Game theory teaches us that in the world of business, talk about ‘winning’ and ‘losing’ is just a nonsense. The important thing in an ‘infinite game’ is to focus on your vision and achieving it
I stumbled across an interesting piece the other day about the “game of business”. And I think it has some important things to teach us about how we approach each day of our working lives in the construction industry. Let me explain.
The concept of game theory is that there are two kinds of game: finite and infinite. In a finite game – a football match, for example – there are known players, fixed rules and agreed-upon objectives. After 90 minutes (plus any extra time) there is a result, achieved according to the agreed-upon rules. However, in infinite games, there are an unknown and variable number of players, the rules are changeable or unclear and the objective of the game is to keep it going for as long as possible. The game is basically eternal – players drop out when they run out of resources or the will to carry on, and new players join, but there are never any winners, because there are no agreed rules for what winning means.
What does being number one really mean anyway? What are the criteria? None of us have agreed to the rules, so the concept of ‘being the best’ is completely arbitrary
Business is an infinite game. And applying this knowledge to a business such as a property or construction firm is interesting. In business, there are many organisations that are driven by the desire to win, using language such as “we want to be number one” and “we want to beat the competition”. However, this concept can never make sense as we are actually all playing a game where the players (companies) have not agreed to any rules about how to play or how to win. What does being number one really mean anyway? What are the criteria for being number one: revenue, profit, people numbers, number of offices? Over what period: a quarter, six months, a year, five years, 10 years? None of us have agreed to the rules, so the concept of “being the best” is completely arbitrary.
However, many businesses do work as if both winning and losing are possible and promote this kind of thinking when planning their business strategy and talking to their people, because essentially they believe they are playing a finite game. So they are fixated on winning (whatever that means) and being the “best”. This is potentially dangerous behaviour and can often lead to forgetting why you are in business in the first place and what sits at your core being. How many business leaders can actually articulate their true beliefs and purpose for being in business, and how many of their management teams and people would give the same answer? It’s a good test!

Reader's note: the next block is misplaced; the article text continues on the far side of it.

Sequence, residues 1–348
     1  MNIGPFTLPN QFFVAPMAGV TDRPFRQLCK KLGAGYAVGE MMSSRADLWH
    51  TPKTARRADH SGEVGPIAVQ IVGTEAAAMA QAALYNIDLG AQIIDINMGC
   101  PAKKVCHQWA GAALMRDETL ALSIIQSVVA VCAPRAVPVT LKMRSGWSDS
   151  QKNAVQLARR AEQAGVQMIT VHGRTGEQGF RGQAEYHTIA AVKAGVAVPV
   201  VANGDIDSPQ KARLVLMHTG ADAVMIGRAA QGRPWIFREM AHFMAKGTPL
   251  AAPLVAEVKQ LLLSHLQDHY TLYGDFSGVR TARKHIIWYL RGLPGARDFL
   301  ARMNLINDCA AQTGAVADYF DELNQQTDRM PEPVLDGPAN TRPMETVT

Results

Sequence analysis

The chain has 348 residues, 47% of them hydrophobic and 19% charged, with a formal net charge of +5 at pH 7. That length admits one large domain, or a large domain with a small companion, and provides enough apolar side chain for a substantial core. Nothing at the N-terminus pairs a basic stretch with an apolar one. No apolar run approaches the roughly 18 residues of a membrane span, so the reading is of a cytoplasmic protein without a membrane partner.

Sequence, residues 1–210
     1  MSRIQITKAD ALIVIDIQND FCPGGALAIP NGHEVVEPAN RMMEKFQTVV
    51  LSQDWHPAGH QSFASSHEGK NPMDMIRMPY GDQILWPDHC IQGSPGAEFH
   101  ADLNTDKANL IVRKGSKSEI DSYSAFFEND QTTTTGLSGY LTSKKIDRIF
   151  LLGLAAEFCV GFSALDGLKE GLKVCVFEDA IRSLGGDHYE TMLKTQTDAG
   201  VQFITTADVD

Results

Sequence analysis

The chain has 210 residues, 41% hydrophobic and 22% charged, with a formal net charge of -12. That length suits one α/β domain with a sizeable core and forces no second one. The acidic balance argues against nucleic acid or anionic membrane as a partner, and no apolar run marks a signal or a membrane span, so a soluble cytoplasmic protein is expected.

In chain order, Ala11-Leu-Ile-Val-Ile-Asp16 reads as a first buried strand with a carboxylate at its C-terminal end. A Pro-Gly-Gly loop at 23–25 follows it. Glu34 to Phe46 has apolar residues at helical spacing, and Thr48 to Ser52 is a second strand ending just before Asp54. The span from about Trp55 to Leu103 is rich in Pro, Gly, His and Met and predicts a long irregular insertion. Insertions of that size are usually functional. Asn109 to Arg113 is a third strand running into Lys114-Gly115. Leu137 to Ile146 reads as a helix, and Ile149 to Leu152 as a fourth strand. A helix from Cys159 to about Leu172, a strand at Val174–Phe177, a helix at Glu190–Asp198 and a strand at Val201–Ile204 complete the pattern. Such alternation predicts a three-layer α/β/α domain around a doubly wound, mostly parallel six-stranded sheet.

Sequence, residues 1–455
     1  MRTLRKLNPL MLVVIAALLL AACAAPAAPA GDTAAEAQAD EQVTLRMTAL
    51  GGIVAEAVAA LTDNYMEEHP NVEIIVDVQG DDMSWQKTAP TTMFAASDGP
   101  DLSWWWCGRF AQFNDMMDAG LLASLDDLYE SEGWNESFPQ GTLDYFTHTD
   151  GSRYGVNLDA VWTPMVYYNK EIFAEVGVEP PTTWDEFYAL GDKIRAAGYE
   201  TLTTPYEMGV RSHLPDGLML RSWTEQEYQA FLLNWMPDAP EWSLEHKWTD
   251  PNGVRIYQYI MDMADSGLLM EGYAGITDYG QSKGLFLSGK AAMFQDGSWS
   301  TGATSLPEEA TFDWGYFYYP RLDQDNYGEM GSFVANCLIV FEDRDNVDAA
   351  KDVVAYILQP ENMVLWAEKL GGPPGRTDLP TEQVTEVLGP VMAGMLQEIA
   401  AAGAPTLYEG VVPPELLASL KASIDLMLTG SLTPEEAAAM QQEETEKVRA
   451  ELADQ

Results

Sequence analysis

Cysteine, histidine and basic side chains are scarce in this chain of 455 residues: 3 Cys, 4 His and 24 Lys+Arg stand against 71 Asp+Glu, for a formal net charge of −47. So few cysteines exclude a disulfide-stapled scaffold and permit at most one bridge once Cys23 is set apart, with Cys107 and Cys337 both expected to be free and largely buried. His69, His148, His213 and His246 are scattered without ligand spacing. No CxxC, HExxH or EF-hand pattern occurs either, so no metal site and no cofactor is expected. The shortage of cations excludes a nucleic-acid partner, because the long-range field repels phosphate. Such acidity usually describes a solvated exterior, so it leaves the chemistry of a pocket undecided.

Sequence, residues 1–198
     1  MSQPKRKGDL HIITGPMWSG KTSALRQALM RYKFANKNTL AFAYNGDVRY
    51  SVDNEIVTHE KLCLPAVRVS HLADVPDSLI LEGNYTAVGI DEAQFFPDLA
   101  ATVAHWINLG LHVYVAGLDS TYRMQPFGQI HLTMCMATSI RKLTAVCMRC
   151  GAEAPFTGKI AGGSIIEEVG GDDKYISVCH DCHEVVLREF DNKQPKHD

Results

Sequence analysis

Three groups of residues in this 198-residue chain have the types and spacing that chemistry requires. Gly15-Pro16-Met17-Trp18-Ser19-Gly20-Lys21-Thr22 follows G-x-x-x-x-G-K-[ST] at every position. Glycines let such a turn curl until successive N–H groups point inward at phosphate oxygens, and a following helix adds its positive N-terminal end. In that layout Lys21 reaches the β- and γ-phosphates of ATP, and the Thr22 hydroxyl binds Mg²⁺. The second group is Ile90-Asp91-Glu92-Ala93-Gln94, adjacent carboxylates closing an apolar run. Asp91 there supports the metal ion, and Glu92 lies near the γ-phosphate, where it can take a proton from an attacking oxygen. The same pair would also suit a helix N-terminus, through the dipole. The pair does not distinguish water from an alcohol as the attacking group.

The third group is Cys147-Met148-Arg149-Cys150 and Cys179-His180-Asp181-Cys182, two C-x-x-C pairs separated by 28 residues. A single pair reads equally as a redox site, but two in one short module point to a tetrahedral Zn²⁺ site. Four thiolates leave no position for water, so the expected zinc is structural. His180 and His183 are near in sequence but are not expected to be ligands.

The infinite player’s goal is to outlast and frustrate the competition by focusing on themselves and their purpose in life. They have a clear vision and are obsessed with achieving it
Now let’s look at the infinite players. Those playing the infinite contest are not playing to win, their goal is to outlast and frustrate the competition by focusing on themselves and their purpose in life. They have a clear vision and are obsessed with achieving it – that is their focus and reason for getting out of bed in the morning. They are not competing against the competition, they are actually competing against themselves, wanting to be better this year than they were last year, better next year than this year, and so on and so forth.
These organisations accept that sometimes they are ahead, and sometimes behind, sometimes they are better, and sometimes not. In the long run, they will be ahead more than they are behind. This doesn’t matter to them, as their driver is always the accomplishment of their vision. In contrast, organisations who are obsessed with the competition and winning can sometimes lose their way, causing a lack of focus and no sense of fulfilment.
Simon Sinek, a high-profile business advisor and the inspiration for this piece, tells a great story of when he spoke at both the Microsoft and Apple summits several years ago. At the Microsoft summit he claims that about 70% of the executives spent about 70% of their presentations talking about how they could beat Apple. At the Apple summit, he claims that 100% of the executives spent 100% of their time talking about how they can better help students learn and teachers teach. Microsoft seemed obsessed with their competition, whereas Apple were obsessed with achieving their vision and cause. In other words, Apple were playing the infinite contest. And playing it brilliantly.
Every bankruptcy, merger and acquisition is an organisation saying that they don’t have the will or resources to continue in the game, and have no choice but to drop out of the game or merge with someone else so that they can keep playing. There have been many examples of this in our industry over the years – with Carillion being the most high-profile in recent times – and it is inevitable that this will continue for as long as the game of business continues.
You will no doubt be familiar with the expression that it’s not about the battle, but rather the war – so focus on being an infinite player, your core beliefs and achieving your vision.